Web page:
Today, to the interrogative we have proposed, what is hope, the world more or less answers like this: it is the expectation of a better tomorrow. This answer is largely included also within the area of our present culture and our civilization, the so-called modern civilization.
But when we consider substantially, asking ourselves what lies in this better tomorrow, this time of waiting, we receive from today’s culture, as a part of our civilization, some specific indications. We know well the event that, today, founds in a particular way, our culture and our so called civilization, is the power of reason, rediscovered unequivocally, formerly with the French Revolution and exalted by the Enlightenment.
Reason is, of course, the formal and constitutive element of our identity, of the identity of man. This is so because he is a rational being. The power of reason has tried to actualize its potentiality, depending on the achievement of that object that would have constituted, as it were, the fulfillment of its expectations, the anxiety, of the so-called hope.
And therefore, we are driven, in an admirable manner, to update a lot of potentialities that are proper to reason, in the field of such an advanced technology, which, nevertheless, perseveres at an accelerated pace its course in our time. All this in a perspective to procure to man those consumer goods in which the man of the so-called modernity placed the certainty of carrying out his hopes. He even placed the realization of the fulfillment of the needs of his Spirit.
But what is the experience that today unites the men of the so-called modern civilization? Faced with this perspective that appeared admirable, the men of our civilization had to verify, unequivocally, that reason applied to technology in the dimension of the procurement of consumer goods, even if reprimanding to this thirsty humanity innumerable goods; this humanity is unsatisfied, disappointed, dismayed, because the contingent and material things certainly do not have the power to quench the thirst of the Spirit that goes beyond things and seeks more. A great disappointment that characterizes that anxious dimension that, not infrequently, labours the men of our times.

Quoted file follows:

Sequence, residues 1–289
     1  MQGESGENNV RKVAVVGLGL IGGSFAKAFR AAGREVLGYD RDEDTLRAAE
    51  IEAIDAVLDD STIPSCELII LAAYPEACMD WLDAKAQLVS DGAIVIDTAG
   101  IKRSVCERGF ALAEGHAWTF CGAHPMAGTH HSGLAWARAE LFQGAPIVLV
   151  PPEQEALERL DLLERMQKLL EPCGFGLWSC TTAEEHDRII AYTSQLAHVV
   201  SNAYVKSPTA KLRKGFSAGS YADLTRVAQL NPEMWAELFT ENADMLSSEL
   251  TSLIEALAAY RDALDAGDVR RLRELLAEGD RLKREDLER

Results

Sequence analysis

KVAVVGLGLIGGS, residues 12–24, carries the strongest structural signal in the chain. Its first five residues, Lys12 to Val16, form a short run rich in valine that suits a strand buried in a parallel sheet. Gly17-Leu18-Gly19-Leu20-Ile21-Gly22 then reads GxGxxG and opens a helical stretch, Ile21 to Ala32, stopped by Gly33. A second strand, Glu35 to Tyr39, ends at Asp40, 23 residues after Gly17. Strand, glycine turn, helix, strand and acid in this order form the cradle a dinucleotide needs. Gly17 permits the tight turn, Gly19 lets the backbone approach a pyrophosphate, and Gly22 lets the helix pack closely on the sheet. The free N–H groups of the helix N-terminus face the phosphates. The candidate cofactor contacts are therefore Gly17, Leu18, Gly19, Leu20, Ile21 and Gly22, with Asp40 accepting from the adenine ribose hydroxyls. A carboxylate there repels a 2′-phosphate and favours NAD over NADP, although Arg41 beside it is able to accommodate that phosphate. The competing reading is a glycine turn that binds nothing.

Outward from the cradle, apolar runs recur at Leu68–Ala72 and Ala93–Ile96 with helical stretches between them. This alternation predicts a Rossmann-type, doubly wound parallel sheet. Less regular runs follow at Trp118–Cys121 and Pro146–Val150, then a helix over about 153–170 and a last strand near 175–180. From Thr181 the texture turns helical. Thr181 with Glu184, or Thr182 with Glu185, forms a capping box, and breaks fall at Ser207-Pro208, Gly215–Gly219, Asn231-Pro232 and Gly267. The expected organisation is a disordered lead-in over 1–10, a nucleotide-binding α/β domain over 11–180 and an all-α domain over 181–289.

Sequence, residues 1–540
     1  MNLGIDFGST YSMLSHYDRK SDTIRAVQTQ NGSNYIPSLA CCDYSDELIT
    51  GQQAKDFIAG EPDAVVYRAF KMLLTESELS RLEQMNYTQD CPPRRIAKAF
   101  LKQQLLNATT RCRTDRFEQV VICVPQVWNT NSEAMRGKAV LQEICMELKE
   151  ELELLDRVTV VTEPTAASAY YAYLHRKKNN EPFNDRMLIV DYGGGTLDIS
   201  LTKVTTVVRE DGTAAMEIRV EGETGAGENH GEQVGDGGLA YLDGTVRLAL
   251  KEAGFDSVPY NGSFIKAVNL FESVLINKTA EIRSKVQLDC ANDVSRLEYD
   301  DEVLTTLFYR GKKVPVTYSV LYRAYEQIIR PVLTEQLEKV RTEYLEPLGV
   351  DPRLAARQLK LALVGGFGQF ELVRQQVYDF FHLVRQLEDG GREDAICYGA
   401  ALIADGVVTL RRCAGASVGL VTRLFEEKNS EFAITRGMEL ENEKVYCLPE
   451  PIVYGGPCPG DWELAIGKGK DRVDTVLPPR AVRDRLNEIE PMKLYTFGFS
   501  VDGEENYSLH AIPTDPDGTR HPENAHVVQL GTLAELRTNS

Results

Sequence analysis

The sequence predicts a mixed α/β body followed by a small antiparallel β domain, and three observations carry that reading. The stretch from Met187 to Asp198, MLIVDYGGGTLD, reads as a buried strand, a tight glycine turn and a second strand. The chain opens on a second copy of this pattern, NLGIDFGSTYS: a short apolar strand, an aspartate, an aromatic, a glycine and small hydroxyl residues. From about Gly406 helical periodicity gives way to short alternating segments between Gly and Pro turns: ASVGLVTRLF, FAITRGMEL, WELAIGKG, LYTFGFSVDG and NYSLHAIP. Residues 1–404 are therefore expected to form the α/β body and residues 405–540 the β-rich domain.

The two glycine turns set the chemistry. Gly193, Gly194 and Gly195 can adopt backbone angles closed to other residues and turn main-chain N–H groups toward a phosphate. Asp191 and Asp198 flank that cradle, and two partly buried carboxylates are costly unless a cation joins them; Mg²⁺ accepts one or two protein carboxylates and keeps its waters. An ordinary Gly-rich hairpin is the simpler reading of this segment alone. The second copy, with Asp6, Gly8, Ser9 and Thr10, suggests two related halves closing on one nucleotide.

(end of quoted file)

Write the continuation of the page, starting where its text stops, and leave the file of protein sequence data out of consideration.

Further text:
Nevertheless, right because reason is the constitutive element of the entity of a man, it has within itself unexplored potentialities; striving in an even more efficacious and responsible way, he tried to identify, even better after this experience, full of disappointment, in what, basically, he could have found the constitutive object on which to rest life in order to realize the hope in the perspective of achieving happiness; and gratified by experience, carrying out a lot of potentialities, the man of our times, in spite of all, arrived at understanding some things that made him an authentic constituent of true hope: in its simplicity, he must combine into the unity of their essence those adjectives that characterize the identity of hope …
What are these adjectives? Absolute, eternal, unchanged.
Absolute is that which, to be, does not need to rely on others.
How could constitute substance of hope, for the intelligent man of our times, what, in order to be, would need to rely on others?
Its instability, its uncertainty, would be a reason of disturbance and would kill the definition of hope. It must be some immutable thing, for the very mutability makes wobble the foundation on which hope rests; it must be something eternal, so that it introduce us forever in the perennial relevance due to its very height. Despite the typically natural ability to capture in a rational manner the height of these values, the man of our civilization, the modern man must also recognize the limits of his existence.
His reason is not the absolute, so man does not have within himself the ability to think for man the constitutive object of his real hope.
And at this point, in the postmodern civilization, a tension is present that, in an admirable manner, man’s nostalgia makes ever present: the one, that is, of begging for a help that comes from above, in order to be able to aid in the limitations of this worn humanity. Plato already cried it out four centuries before Christ. If there comes no help from above, we would be hopeless and desperate. He cried it out, with force, in the sureness of his faith; in a more complete and sublime way, St. Augustine, the great genius of mankind: Lord, you made us for yourself and our heart will always be restless until it does not rest in you.